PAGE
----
by Charlie A. Webb CPP, CMC
Over the last nearly two decades I have spoke with thousands of packaging engineers and a reoccurring question is often presented to me. How often should I perform a thermal calibration on my packaging equipment? There are so many factors one must consider when developing calibration timelines with critical packaging equipment. The first thing we need to consider is by what process is the machine sensing temperature at the platen? Is it through a solid temperature sensor, a thin film temperature sensor, or is it a RTD system using the active platen for thermal feedback? Because some of these systems may be considered sturdier then others, their calibration may stay accurate longer.
What I’ve developed in my own lab is what I call the “Webb Confidence Index”. I developed this basic index that I consider a solid metrology verification plan. When first commissioning in a new piece of equipment, I confirm if possible, in my lab, that the device is in fact calibrated. If this piece of equipment requires special machinery to perform the calibration, I often purchase this equipment from the vendor in order to have the same ability to manage the metrology of the equipment as does the maker or vendor for this critical equipment. I do this even if I will not be performing the official annual calibration just so I can commission the device back into my lab after being sent out for calibration. Also this allows me to use the same metrics as the manufacture so our processes are harmonized.
After verifying that the device is calibrated I grant the device a 10 on my confidence index, showing that it was calibrated, and is still in an expected state of performance on arrival. Typically after 30 days I will check the calibration, I will perform this task despite the fact that the vendor tells me it need only be calibrated annually. I invoke the trust-but-verify system, just to be certain that nothing has changed. After performing my own internal verification, I call this ”verification” because I am not doing this in the spirit of a true full calibration. I am simply checking, and this checking process is designed to correspond with my preventative maintenance plan for my total quality requirement. If the device is still in calibration, I grant the device a 10 position. If the device can be checked in terms of varying degrees of accuracy from my initial point of calibration, then I may diminish that value from 10 to say an 8. But under my index, anything over 5 is an acceptable verification. I will check it again after 30 days and if the device is shown to still fall within that 5 to 10 accuracy area, I will continue to verify monthly. If however, during my first few months of verifying, the device has shown that it moved outside of calibration, that device is immediately given a grade of 1 due to a diminution in my confidence with this equipment.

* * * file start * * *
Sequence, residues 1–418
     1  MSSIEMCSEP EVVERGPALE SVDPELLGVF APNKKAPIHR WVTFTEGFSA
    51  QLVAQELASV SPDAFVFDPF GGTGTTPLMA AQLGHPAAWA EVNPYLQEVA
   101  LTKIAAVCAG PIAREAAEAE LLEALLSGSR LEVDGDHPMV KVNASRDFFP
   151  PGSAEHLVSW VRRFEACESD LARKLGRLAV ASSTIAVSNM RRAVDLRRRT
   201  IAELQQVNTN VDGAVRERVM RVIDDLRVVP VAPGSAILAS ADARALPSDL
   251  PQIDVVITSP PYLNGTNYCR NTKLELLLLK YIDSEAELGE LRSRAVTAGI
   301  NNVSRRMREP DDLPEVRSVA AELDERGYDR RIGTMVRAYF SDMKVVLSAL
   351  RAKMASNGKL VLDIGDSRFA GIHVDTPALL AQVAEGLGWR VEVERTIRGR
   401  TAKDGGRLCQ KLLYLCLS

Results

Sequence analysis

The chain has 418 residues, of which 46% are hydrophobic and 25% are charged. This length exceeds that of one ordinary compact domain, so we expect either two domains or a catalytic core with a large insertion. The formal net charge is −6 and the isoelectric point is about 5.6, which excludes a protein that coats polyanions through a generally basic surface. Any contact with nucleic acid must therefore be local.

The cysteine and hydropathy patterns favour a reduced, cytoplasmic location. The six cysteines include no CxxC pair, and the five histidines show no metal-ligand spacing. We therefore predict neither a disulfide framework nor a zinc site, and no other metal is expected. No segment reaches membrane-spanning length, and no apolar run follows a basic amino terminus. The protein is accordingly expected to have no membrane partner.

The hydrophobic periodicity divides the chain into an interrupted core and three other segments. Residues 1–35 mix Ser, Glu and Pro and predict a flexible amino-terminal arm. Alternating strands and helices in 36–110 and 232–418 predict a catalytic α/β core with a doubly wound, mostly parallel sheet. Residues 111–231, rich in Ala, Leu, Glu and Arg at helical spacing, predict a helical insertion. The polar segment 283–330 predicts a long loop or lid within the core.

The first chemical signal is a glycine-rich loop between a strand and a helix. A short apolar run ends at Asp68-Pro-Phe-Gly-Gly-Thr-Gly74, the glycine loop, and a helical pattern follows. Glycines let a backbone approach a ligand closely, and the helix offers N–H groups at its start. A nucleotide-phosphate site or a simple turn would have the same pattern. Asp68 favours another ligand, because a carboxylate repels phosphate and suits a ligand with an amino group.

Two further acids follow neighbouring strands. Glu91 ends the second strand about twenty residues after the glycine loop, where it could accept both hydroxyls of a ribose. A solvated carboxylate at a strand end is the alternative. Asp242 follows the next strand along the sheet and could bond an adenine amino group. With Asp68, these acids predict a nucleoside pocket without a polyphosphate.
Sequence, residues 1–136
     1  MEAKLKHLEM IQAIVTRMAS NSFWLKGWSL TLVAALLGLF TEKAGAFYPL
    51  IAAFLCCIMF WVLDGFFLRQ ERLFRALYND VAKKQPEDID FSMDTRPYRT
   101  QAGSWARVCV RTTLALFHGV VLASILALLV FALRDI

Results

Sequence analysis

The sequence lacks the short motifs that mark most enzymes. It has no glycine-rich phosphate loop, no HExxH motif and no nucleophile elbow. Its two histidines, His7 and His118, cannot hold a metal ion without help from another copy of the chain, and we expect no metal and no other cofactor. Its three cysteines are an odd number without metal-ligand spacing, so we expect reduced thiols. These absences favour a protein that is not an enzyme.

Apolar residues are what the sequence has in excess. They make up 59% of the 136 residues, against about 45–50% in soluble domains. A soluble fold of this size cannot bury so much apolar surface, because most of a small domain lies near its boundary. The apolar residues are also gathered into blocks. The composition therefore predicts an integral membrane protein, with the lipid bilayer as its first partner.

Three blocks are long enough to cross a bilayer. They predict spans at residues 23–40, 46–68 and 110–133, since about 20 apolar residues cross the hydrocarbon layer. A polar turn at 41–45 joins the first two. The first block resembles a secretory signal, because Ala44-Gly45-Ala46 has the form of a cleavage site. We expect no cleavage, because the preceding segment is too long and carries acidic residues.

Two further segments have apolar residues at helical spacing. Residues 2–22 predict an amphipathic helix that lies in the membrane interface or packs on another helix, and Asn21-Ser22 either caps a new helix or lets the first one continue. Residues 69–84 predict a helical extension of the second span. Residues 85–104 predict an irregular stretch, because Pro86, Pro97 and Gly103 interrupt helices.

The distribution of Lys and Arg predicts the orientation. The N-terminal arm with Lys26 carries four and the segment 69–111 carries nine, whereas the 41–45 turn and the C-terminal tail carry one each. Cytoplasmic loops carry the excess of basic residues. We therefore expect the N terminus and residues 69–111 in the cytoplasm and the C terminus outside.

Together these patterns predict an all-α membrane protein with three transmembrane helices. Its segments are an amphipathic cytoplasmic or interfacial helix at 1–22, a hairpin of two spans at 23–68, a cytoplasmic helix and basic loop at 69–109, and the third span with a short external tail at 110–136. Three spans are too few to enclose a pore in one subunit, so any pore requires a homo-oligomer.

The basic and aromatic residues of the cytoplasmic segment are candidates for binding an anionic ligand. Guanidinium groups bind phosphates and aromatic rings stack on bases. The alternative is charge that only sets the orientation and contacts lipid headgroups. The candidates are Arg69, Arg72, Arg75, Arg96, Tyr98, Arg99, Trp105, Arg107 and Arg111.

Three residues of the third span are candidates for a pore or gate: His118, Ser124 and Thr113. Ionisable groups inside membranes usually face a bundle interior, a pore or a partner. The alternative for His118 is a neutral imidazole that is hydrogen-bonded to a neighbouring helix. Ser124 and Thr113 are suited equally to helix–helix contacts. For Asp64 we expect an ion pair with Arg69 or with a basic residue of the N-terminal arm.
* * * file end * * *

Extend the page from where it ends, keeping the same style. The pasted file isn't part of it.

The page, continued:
Even if the device is at the very edge of calibration, it may be granted the under 5 number and that will require that it have a complete new calibration and be checked weekly. Or even daily on some highly critical equipment. After the daily checks, if it continues to show that it’s performing accurately for a five day period, I will then run back to the one-month check. There are a variety of different formulas and patterns you can use, but the important takeaway is that annual calibration, even if it’s the manufacturers recommendation is risky business. At the very least you should be checking or verifying the machine’s performance at least quarterly, if not monthly. We have received several machines into our lab that were poorly maintained and as a result of a marginal PM and verification plan the machine arrived out of calibration. Some of these company’s had shipped tens of thousands of parts into the market and ultimately into the sterile field, this left their quality department with a huge question mark hovering over their head as to how many possible compromised packages are now in the marketplace.
Remember any device can change over time and when you are talking about a system such as impulse sealing equipment that heats and cools thousands of times per day, this change could happen quickly. Also systems that incorporate consumable parts may have a performance change after servicing the equipment, so after a major service always check calibration. I believe companies need to train maintenance staff on calibration and not just leave the task of checking machine performance with their metrology departments. Packaging machine performance is centered on a tight preventive maintenance plan and calibration so keep a close eye on these issues to thwart the pains of a packaging recall.